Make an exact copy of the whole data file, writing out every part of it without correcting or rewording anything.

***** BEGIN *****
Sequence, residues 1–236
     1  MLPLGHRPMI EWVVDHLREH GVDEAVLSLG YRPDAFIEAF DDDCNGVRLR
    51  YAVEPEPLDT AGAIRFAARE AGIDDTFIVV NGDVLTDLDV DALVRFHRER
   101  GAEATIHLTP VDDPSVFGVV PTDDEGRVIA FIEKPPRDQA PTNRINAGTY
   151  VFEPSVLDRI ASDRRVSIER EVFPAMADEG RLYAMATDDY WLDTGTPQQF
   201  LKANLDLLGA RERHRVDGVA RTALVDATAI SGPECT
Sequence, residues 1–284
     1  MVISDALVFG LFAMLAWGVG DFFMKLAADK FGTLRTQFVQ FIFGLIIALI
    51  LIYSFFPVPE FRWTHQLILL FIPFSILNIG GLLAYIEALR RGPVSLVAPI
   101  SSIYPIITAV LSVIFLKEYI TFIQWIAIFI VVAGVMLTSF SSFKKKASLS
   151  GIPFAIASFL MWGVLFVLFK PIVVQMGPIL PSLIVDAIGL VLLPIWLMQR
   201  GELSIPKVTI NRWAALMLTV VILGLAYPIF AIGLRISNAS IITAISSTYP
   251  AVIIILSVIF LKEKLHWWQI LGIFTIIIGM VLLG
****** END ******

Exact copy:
Sequence, residues 1–236
     1  MLPLGHRPMI EWVVDHLREH GVDEAVLSLG YRPDAFIEAF DDDCNGVRLR
    51  YAVEPEPLDT AGAIRFAARE AGIDDTFIVV NGDVLTDLDV DALVRFHRER
   101  GAEATIHLTP VDDPSVFGVV PTDDEGRVIA FIEKPPRDQA PTNRINAGTY
   151  VFEPSVLDRI ASDRRVSIER EVFPAMADEG RLYAMATDDY WLDTGTPQQF
   201  LKANLDLLGA RERHRVDGVA RTALVDATAI SGPECT
Sequence, residues 1–284
     1  MVISDALVFG LFAMLAWGVG DFFMKLAADK FGTLRTQFVQ FIFGLIIALI
    51  LIYSFFPVPE FRWTHQLILL FIPFSILNIG GLLAYIEALR RGPVSLVAPI
   101  SSIYPIITAV LSVIFLKEYI TFIQWIAIFI VVAGVMLTSF SSFKKKASLS
   151  GIPFAIASFL MWGVLFVLFK PIVVQMGPIL PSLIVDAIGL VLLPIWLMQR
   201  GELSIPKVTI NRWAALMLTV VILGLAYPIF AIGLRISNAS IITAISSTYP
   251  AVIIILSVIF LKEKLHWWQI LGIFTIIIGM VLLG